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Testimony about the Armenian Genocide, Armenian Holocaust, the Medz Yeghen Eyewitnesses to Turkish Atrocities and Genocide

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Testimony about the Armenian Genocide, Armenian Holocaust, the Medz Yeghen

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Divine Singles are the ones we keep

C. CILICIA AND NORTHERN SYRIA.

[Contents]

7. EXILES FROM ZEITOUN.

Diary of a Foreign Resident in the Town of B. on the Cilician Plain. Communicated by a Swiss Gentleman of Geneva.

Sunday, 14th March, 1915.

This morning I had a long conversation with Mr.—— about events at Zeitoun. He has managed to obtain some information regarding the little Armenian town, although all direct communication with it has been interrupted. Turkish troops have left Aleppo for Zeitoun—some say 4,000, some 6,000, others 8,000. With what intention, one wonders? Mr.——, who has been there himself during last summer and this winter, assures me that the Armenians have no wish to revolt, and are prepared to put up with anything the Government may do. Contrary to the old-established custom, a levy was made at Zeitoun at the time of the August mobilisation, and they did not offer the slightest resistance. None the less, the Government has played them false. In October, [54]1914, their leader, Nazaret Tchaoush, came to Marash with a “safe conduct” to arrange some special points with the officials. In spite of the “safe conduct,” they imprisoned him, tortured him and put him to death. Still the people of Zeitoun remained quiet. Bands of zaptiehs (Turkish gendarmes), quartered in the town, have been molesting the inhabitants, raiding shops, stealing, maltreating the people and dishonouring their women. It is obvious that the Government are trying to get a case against the Zeitounlis, so as to be able to exterminate them at their pleasure and yet justify themselves in the eyes of the world.

th April, 1915.

Three Armenians from Dört Yöl were hanged last night in the chief square of Adana. The Government declare that they had been signalling to the British warship or warships stationed in the Gulf of Alexandretta. This is untrue, for I know, though I dare not put the source of my information on paper, that only one Armenian from Dört Yöl has had any communication with the English.

th April.

Two more Armenians from Dört Yöl have been hanged at Adana.

th April.

Three Armenians have been hanged at Adana. We were out riding to-day, and the train came into the station just as we reached the railway. Imagine our indignation when we saw a cattle-truck filled with Armenians from Zeitoun. Most of these mountaineers were in rags, but a few were quite well dressed. They had been driven out of their homes and were going to be transplanted, God knows where, to some town in Asia Minor. It seems we have returned to the days of the [55]Assyrians, if whole populations can be exiled in this way, and the sacred liberty of the individual so violated.

th April (the next day).

We were able to see the unfortunate refugees, who are still here to-day. These are the circumstances of their departure from Zeitoun, or rather this is the tragedy which preceded their exile, though it was not the cause of it.

The Turkish gendarmes outraged several girls in the town, and were attacked in consequence by about twenty of the more hot-headed young men. Several gendarmes were killed, though all the while the population as a whole was opposed to bloodshed, and desired most earnestly to avoid the least pretext for reprisals. The twenty rebels were driven out of the town and took refuge in a monastery about three-quarters of an hour’s distance from the town. At this point the troops from Aleppo arrived. The Zeitounlis gave them lodging, and it seemed that all was going excellently between the populace and the 8,000 soldiers under their German officers.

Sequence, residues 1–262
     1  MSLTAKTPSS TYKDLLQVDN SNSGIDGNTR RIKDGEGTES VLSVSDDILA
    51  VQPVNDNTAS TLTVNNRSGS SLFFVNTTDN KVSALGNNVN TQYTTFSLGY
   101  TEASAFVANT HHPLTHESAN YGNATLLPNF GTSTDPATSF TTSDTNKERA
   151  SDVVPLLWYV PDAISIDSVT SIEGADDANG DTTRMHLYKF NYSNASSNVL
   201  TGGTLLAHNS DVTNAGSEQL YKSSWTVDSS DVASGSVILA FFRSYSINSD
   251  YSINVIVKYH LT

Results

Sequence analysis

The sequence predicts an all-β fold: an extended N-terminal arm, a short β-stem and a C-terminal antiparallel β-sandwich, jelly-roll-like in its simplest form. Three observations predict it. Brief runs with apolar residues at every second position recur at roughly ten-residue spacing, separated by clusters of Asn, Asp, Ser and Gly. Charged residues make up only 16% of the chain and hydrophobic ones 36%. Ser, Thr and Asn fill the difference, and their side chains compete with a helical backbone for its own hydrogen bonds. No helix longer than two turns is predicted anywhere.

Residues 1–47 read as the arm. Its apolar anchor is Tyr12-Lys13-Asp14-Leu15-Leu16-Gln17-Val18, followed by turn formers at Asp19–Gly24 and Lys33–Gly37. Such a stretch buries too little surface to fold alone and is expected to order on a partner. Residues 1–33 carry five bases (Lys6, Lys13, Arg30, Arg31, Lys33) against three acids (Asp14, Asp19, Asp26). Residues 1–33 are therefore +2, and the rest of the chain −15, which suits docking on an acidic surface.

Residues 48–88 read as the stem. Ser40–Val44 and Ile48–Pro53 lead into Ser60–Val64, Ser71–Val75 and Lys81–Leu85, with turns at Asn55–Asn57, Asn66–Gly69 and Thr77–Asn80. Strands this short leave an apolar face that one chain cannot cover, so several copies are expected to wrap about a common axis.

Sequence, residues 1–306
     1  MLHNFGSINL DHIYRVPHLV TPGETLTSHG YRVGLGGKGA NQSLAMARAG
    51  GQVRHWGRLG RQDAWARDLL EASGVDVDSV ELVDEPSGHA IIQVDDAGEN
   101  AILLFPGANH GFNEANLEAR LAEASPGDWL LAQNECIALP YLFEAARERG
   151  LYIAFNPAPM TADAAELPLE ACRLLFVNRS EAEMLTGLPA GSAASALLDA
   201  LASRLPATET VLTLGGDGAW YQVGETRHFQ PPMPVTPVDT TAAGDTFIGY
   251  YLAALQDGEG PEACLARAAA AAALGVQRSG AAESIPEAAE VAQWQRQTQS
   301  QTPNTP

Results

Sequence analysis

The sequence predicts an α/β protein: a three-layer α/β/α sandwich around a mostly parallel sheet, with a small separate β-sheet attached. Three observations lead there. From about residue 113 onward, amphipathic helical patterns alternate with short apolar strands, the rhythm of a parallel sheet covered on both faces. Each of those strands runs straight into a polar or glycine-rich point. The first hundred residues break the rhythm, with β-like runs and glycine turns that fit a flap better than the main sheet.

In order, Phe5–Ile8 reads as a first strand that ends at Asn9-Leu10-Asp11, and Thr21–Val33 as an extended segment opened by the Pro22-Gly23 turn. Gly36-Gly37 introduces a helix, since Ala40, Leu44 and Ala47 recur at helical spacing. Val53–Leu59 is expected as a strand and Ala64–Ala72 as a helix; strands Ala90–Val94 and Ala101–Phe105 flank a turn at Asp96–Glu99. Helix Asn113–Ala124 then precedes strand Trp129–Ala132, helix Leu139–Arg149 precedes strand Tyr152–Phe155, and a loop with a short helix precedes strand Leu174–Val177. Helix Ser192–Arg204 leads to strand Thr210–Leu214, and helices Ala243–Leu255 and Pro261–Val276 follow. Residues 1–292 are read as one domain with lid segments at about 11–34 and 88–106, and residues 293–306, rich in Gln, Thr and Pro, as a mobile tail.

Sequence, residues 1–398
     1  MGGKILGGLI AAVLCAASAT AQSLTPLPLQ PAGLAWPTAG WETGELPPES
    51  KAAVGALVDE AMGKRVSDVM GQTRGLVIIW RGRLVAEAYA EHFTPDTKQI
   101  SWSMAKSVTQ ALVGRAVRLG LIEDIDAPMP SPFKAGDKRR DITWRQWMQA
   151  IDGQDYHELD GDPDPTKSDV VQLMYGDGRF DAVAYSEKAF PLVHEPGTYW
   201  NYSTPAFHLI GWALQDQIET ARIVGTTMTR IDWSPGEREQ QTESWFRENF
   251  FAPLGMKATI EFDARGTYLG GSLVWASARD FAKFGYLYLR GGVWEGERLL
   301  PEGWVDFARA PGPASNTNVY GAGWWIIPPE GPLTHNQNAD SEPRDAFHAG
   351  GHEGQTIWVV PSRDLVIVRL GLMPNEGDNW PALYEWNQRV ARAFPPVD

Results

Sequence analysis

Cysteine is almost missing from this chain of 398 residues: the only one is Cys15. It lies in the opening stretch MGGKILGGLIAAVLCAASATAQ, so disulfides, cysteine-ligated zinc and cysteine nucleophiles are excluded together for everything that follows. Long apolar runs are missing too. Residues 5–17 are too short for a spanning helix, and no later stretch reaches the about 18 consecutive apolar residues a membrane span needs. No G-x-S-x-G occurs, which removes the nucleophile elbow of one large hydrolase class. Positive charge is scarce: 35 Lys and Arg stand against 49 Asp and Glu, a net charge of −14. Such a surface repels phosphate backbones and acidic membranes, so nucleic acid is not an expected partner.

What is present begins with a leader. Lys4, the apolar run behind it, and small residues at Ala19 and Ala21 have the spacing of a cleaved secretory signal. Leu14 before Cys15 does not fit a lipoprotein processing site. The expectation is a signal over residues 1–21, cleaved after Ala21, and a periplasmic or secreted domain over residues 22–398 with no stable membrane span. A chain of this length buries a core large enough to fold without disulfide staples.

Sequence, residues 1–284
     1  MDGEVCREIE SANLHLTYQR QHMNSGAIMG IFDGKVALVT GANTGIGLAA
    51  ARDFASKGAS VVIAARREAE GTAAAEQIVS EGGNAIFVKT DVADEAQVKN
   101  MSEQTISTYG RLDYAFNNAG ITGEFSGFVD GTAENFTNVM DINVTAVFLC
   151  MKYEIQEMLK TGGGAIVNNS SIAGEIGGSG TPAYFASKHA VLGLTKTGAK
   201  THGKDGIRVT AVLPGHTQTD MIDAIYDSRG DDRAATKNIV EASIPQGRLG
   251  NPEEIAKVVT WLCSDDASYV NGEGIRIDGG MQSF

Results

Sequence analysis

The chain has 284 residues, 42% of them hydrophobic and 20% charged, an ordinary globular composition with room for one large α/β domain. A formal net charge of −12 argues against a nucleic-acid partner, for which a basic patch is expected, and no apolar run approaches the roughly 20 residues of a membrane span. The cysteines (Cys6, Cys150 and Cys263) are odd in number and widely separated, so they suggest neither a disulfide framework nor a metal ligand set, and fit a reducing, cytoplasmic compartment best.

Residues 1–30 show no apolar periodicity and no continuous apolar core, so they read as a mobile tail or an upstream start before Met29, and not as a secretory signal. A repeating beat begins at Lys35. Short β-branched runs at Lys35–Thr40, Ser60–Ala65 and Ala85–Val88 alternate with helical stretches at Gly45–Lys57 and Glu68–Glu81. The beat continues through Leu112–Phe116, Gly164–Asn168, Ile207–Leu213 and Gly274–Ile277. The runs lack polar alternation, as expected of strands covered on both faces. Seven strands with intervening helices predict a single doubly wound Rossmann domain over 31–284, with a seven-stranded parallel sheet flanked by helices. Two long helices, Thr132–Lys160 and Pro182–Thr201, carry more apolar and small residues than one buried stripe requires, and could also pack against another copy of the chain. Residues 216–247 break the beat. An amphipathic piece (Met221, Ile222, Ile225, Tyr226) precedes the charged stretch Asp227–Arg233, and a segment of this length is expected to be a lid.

The Turks surrounded the monastery and attacked it for a whole day; but the insurgents defended themselves, and, at the cost of one man slightly wounded, they killed 300 of the regular troops. During the night, moreover, they managed to escape.

Their escape was as yet unknown to the town when, about nine o’clock on the following morning, the Turkish Commandant summoned about 300 of the principal inhabitants to present themselves immediately at the military headquarters. They obeyed the summons without the least suspicion, believing themselves to be on excellent terms with the authorities. Some of them took a little money, others some clothing or wraps, but the majority came in their working clothes and brought nothing [56]with them. Some of them had even left their flocks on the mountains in the charge of children. When they reached the Turkish camp, they were ordered to leave the town at once without returning to their homes. They were completely stupefied. Leave? But for where? They did not know.

They had been unable even yet to learn their destination, but it is probable that they are being sent to the Vilayet of Konia. Some of them have come in carriages and some on foot.

th April.

I heard to-day that the whole population of Dört Yöl has been taken away to work on the roads. They continue to hang Armenians at Adana. It is a point worth remembering that Zeitoun and Dört Yöl are the two Armenian towns which held their own during the Adana massacres of 1909.

th May.

A new batch of Zeitounlis has just arrived. I saw them marching along the road, an interminable file under the Turkish whips. It is really the most miserable and pitiable thing in the world. Weak and scarcely clothed, they rather drag themselves along than walk. Old women fall down, and struggle to their feet again when the zaptieh approaches with lifted stick. Others are driven along like donkeys. I saw one young woman drop down exhausted. The Turk gave her two or three blows with his stick and she raised herself painfully. Her husband was walking in front with a baby two or three days old in his arms.